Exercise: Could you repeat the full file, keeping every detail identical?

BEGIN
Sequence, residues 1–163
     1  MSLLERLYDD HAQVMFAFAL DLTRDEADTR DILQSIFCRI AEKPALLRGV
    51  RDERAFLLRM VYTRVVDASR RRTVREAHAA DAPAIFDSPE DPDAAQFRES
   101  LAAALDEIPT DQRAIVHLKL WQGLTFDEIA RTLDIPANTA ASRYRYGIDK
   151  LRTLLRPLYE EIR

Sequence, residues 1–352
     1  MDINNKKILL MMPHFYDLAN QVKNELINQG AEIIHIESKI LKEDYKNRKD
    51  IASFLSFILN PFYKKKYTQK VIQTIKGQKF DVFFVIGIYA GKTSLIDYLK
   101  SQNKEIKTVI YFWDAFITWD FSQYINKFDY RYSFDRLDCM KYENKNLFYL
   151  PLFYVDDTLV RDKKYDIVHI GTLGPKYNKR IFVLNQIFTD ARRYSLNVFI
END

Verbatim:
Sequence, residues 1–163
     1  MSLLERLYDD HAQVMFAFAL DLTRDEADTR DILQSIFCRI AEKPALLRGV
    51  RDERAFLLRM VYTRVVDASR RRTVREAHAA DAPAIFDSPE DPDAAQFRES
   101  LAAALDEIPT DQRAIVHLKL WQGLTFDEIA RTLDIPANTA ASRYRYGIDK
   151  LRTLLRPLYE EIR

Sequence, residues 1–352
     1  MDINNKKILL MMPHFYDLAN QVKNELINQG AEIIHIESKI LKEDYKNRKD
    51  IASFLSFILN PFYKKKYTQK VIQTIKGQKF DVFFVIGIYA GKTSLIDYLK
   101  SQNKEIKTVI YFWDAFITWD FSQYINKFDY RYSFDRLDCM KYENKNLFYL
   151  PLFYVDDTLV RDKKYDIVHI GTLGPKYNKR IFVLNQIFTD ARRYSLNVFI